SIMID – The Secure Interactive Media Interface Definition is an API made available to build an interactive experience with video ad media – and acts as a replacement for VPAID. Click here for the SIMID specs

OMID – The Open Measurement Interface Definition, the API made available to verification code by OMSDK or equivalent service – and acts as a replacement for VPAID.

Encoding Ready-to-Serve Files:
Offering three ready-to-serve video files at varying bitrates for linear ads gives the player
some flexibility for serving the best ad for the viewer’s environment. Deciding on the appropriate bitrate to use depends on the resolution where the video ad plays. In general, the higher the resolution, the higher the bitrate should be for optimal quality playback. When you submit a video ad for linear placement, you should provide three ready-to-serve versions at quality levels for high, medium, and low as indicated in the following table (along with a mezzanine file, as described in the next section). These files can be compiled into an adaptive streaming file or referenced from an interactive file.

The Mezzanine File:
The mezzanine file is a raw source file that publishers can use to encode the ad at the required quality level for the content stream. This original file is too big to serve but contains the quality necessary to encode the appropriate version for a viewer’s environment. The mezzanine file is vital to ad-stitching services commonly used with online television networks. Ad-serving vendors (3rd party) can also use the mezzanine file to transcode all the necessary files to meet varying publisher requirements.

SSAI VAST Macro Guidance:
While the IAB Tech Lab has an official list of 50+ macros, it’s technically not possible to support all macros in any given HTTP request simply due to length limitations. Refer here to the SSAI VAST Macro Guidance from IAB Tech Lab for the full list of recommended macros to use for sharing basic user agent, environment, and content details that are critical to verification partners and buyers.

SSAI Ad Stitching Flow:

  1. Message Sent to Stitching Service: The publisher sends a message for VOD or stream start signal for live stream, to the ad-stitching service.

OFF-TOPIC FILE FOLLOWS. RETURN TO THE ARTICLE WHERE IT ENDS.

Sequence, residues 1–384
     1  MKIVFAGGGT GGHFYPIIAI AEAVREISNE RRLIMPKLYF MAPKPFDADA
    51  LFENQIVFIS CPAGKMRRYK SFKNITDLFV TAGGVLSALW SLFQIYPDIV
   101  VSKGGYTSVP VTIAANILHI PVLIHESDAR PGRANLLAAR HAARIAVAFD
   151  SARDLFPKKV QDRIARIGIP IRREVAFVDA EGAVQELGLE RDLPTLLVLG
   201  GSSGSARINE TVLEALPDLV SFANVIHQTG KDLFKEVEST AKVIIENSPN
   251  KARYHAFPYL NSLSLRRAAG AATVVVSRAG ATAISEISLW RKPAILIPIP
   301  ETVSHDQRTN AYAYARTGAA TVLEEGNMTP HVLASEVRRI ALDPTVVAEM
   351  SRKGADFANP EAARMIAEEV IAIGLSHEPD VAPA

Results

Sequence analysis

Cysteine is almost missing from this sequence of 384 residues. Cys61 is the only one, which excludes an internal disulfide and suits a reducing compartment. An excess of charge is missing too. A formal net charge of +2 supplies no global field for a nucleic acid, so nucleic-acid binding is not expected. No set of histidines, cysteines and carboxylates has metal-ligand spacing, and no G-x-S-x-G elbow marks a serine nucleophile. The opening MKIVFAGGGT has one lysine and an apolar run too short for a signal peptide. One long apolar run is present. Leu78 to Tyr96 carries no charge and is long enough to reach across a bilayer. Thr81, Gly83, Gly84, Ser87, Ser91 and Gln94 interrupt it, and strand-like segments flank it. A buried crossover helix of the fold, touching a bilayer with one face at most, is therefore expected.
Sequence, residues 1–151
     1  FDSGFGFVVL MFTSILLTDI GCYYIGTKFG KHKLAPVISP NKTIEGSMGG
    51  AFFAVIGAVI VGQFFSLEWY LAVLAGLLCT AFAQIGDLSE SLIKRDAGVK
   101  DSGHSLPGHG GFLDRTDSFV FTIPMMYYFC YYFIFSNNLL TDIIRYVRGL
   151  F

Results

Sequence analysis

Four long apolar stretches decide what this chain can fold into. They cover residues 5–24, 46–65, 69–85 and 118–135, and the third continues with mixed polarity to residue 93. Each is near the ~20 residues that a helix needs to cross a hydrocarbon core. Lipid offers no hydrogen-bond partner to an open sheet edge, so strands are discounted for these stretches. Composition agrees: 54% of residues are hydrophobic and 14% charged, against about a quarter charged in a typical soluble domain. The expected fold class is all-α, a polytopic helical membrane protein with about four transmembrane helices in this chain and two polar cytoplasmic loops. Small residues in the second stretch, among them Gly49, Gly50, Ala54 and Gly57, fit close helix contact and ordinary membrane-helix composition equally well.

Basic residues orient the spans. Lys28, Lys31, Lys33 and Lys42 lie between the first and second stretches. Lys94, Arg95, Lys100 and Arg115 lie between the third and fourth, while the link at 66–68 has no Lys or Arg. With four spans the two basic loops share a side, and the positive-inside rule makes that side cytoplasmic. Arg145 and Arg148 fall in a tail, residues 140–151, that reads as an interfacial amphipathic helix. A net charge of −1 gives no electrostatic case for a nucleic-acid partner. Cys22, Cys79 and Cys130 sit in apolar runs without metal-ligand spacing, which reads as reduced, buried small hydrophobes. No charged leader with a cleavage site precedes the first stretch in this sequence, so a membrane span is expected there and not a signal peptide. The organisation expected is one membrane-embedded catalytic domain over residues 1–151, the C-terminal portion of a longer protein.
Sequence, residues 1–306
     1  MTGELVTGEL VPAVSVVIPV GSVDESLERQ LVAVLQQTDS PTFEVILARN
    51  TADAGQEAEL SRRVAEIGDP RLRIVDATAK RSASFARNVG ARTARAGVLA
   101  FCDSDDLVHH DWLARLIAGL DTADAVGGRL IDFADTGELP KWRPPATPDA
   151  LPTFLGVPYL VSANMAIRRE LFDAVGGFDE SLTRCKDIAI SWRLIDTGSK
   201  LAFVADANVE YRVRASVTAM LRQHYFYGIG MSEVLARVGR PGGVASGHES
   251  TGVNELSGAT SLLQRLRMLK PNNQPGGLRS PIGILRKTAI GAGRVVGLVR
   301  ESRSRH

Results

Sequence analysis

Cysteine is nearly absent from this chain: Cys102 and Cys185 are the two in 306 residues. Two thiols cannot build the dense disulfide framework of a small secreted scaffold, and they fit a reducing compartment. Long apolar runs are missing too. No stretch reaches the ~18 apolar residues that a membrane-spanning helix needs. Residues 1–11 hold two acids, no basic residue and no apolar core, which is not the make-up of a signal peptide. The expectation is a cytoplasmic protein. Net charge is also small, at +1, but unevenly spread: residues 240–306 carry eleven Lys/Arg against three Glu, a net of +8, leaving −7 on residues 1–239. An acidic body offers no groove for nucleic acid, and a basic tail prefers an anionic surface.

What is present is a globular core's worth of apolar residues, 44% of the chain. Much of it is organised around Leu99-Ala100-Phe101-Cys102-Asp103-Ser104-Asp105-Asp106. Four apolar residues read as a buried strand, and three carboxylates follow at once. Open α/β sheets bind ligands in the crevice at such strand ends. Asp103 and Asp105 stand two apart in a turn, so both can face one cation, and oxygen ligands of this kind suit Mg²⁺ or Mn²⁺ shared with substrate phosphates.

2. Request Ads via Ad Call: The ad-stitching service makes a request to the ad server. For VOD, this is typically VMAP or In-line VMAP with VAST to the main ad decision software.  For live stream this is a formatted ADS ad call for the single break.
  3. Send VAST: The ad server responds with a VAST tag with a mezzanine file, and ready-to-serve files. SSAI vendors download the highest bitrate available and get it ready. If the ad stitching service has already received the creative for a previous request and has transcoded the mezzanine file, it moves on to step 5. If the VAST tag response is a Wrapper tag then the ad-stitching service should extract the inner InLine response using the same precedence logic as a client-side media player.
  4. Extract Mezzanine and Transcode: The ad-stitching service pulls the unique creative identifier from the VAST tag. If the creative has never been used in the system, the mezzanine file is extracted and transcoded. In this scenario, the ad is skipped and the next available ad is played instead. VAST error code 407 is sent.
  5. Select Transcoded: If the creative in the VAST tag from step 3 matches the unique creative identifier for an ad that has already been transcoded, the ad-stitching service selects the pre-transcoded file already in the system.

For the latest dedicated technical best practices for CTV advertising simply click here